Astronomy and Astrophysics, volume 617A, 77-77 (2018/9-1)
High-J CO emission spatial distribution and excitation in the Orion Bar.
PARIKKA A., HABART E., BERNARD-SALAS J., KOHLER M. and ABERGEL A.
Abstract (from CDS):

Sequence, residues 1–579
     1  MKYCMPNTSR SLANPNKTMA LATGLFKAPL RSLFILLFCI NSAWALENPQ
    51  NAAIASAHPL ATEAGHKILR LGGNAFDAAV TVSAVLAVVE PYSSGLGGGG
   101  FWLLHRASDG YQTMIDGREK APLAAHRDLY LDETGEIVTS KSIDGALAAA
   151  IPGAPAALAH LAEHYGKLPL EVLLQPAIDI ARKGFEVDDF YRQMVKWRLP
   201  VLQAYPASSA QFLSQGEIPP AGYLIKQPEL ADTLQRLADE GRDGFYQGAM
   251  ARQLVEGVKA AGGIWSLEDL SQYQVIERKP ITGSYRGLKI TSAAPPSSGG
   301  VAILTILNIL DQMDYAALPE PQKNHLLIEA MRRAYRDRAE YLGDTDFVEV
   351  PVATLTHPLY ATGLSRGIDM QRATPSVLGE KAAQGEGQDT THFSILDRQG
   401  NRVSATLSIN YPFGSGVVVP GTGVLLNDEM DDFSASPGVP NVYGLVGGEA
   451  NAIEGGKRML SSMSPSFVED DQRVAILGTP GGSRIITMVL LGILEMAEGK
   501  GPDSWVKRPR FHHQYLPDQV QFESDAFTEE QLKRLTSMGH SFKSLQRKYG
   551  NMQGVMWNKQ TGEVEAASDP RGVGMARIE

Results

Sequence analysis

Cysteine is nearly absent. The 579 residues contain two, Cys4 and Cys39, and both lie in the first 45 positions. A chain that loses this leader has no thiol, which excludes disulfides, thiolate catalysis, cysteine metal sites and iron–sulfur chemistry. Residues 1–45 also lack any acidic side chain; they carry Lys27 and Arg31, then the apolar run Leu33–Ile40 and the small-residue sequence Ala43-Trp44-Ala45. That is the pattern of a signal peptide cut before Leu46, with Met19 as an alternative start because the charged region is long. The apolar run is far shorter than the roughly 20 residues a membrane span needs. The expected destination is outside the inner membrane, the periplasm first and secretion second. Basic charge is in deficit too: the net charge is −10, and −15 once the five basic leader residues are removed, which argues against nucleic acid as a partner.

Context. With Herschel, we can for the first time observe a wealth of high-J CO lines in the interstellar medium with a high angular resolution. These lines are specifically useful for tracing the warm and dense gas and are therefore very appropriate for a study of strongly irradiated dense photodissocation regions (PDRs). Aims. We characterize the morphology of CO J=19-18 emission and study the high-J CO excitation in a highly UV-irradiated prototypical PDR, the Orion Bar. Methods. We used fully sampled maps of CO J=19-18 emission with the Photoconductor Array Camera and Spectrometer (PACS) on board the Herschel Space Observatory over an area of ∼110''x110'' with an angular resolution of 9''. We studied the morphology of this high-J CO line in the Orion Bar and in the region in front and behind the Bar, and compared it with lower-J lines of CO from J=5-4 to J=13-12 and 13CO from J=5-4 to J=11-10 emission observed with the Herschel Spectral and Photometric Imaging Receiver (SPIRE). In addition, we compared the high-J CO to polycyclic aromatic hydrocarbon (PAH) emission and vibrationally excited H2. We used the CO and 13CO observations and the RADEX model to derive the physical conditions in the warm molecular gas layers. Results. The CO J=19-18 line is detected unambiguously everywhere in the observed region, in the Bar, and in front and behind of it. In the Bar, the most striking features are several knots of enhanced emission that probably result from column and/or volume density enhancements. The corresponding structures are most likely even smaller than what PACS is able to resolve. The high-J CO line mostly arises from the warm edge of the Orion Bar PDR, while the lower-J lines arise from a colder region farther inside the molecular cloud. Even if it is slightly shifted farther into the PDR, the high-J CO emission peaks are very close to the H/H2 dissociation front, as traced by the peaks of H2 vibrational emission. Our results also suggest that the high-J CO emitting gas is mainly excited by photoelectric heating. The CO J=19-18/J=12-11 line intensity ratio peaks in front of the CO J=19-18 emission between the dissociation and ionization fronts, where the PAH emission also peak. A warm or hot molecular gas could thus be present in the atomic region where the intense UV radiation is mostly unshielded. In agreement with recent ALMA detections, low column densities of hot molecular gas seem to exist between the ionization and dissociation fronts. As found in other studies, the best fit with RADEX modeling for beam-averaged physical conditions is for a density of 106cm–3 and a high thermal pressure (P/k=nHxT) of ∼1-2x108K/cm3. Conclusions. The high-J CO emission is concentrated close to the dissociation front in the Orion Bar. Hot CO may also lie in the atomic PDR between the ionization and dissociation fronts, which is consistent with the dynamical and photoevaporation effects.